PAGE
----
AMERICAN BILL OF CREDIT (1775). The restless spirit of Buonaparte did not allow him any repose, even after his subjugation of the greater part of the north of Europe. Whilst he had been contending with the Russians, he had been planning fresh campaignsfresh conquests at the opposite extremity of the Continent. Godoy, the favourite of the King of Spain, and the paramour of his dissolute queen, who had professed great admiration of Buonaparte, seeing him so deeply engaged in Germany, had suddenly called out a considerable army, and addressed it in a vaunting but mysterious way. The news of this reached Buonaparte on the field of Jena, and, discovering by this means the real sentiments of the Spanish favourite towards him, he vowed vengeance on Spain. It was by no means the first time that he had contemplated the conquest of Spain and Portugal, but this circumstance inspired him with a new impulse in that direction, and a plausible excuse. In his interviews with Alexander of Russia, these views had been avowed; and now, no sooner had he returned to Paris than he commenced his operations for that purpose. He blended this scheme, at the same time, with his great one of shutting out the British trade from the whole Continent. Russia had, by the Treaty of Tilsit, entered into a compact to enforce his system in her ports. Holland was compelled to submit to it. The kingdom of Westphalia was now in the hands of his brother Jerome, who had been forced to separate from his American wife, Elizabeth Paterson, and had been married to a daughter of the King of Würtemberg, so that the territories now comprised in the new kingdom of Westphalia were under the same law of exclusion. He had extended it to the Prussian ports since his conquest of that country, and to the Hanseatic towns. Denmark was ready to comply, and the treaty with Russia extended his embargo ostensibly to the whole western shores of the Baltic. Sweden refused to accept it, and the foolhardy King Christian IV. declared war on Russia, and invaded Norway. He promptly lost Finland and Pomerania. Sir[547] John Moore, with an army of 10,000 men, was sent to his assistance, but found him so unreasonable that he thought it better to return without landing the troops. Christian was soon afterwards deposed, and his uncle established in his place, who accepted the Continental system. But Alexander was as little faithful in this part of the Treaty as in other parts. In fact, he dared not strictly enforce the exclusion of British trade, were he so disposed. Nearly the whole heavy produce of Russiahemp, iron, timber, wax, pitch, and naval stores, which constituted the chief revenues of the Russian nobleswas taken by the British, and paid for in their manufactures. To have cut off his trade would have made the life of Alexander as little secure as that of his father, Paul, had been. The Russian and British trade therefore continued, under certain devices, and notwithstanding the decrees of the Czar to the contrary. Buonaparte knew it, but was not prepared to open up a new war with Russia on that accountat least, at present. He was now turning his attention to the south.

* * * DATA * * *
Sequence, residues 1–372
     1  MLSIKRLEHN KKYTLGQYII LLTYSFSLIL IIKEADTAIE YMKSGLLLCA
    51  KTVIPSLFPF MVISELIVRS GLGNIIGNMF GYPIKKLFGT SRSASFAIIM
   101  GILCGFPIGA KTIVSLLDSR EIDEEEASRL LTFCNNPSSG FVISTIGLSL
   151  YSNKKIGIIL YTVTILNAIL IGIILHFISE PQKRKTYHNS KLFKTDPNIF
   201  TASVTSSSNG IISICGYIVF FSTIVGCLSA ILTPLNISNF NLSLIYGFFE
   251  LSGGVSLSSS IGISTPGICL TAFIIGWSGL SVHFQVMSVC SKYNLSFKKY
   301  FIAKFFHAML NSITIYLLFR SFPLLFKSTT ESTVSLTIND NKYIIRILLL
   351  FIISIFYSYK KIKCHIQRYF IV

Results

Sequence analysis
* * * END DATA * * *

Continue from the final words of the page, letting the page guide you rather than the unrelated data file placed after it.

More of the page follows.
The brilliant successes of this campaign had clearly been the result of Pitt's plans before quitting office. Bute and his colleagues had no capacity for such masterly policy, and as little perception of the immense advantages which these conquests gave them in making peace. Peace they were impatient forless on the great grounds that peace was the noblest of national blessings, than because the people grumbled at the amount of taxationand because, by peace, they diminished, or hoped to diminish, the prestige of the great Minister, who had won such vast accessions to the national territory. Bute was eager to come to terms with France and Spain, regardless of the advantages he gave to prostrate enemies by showing that impatience. Had he made a peace as honourable as the war had been, he would have deserved well of the country; but to accomplish such a peace required another stamp of mind.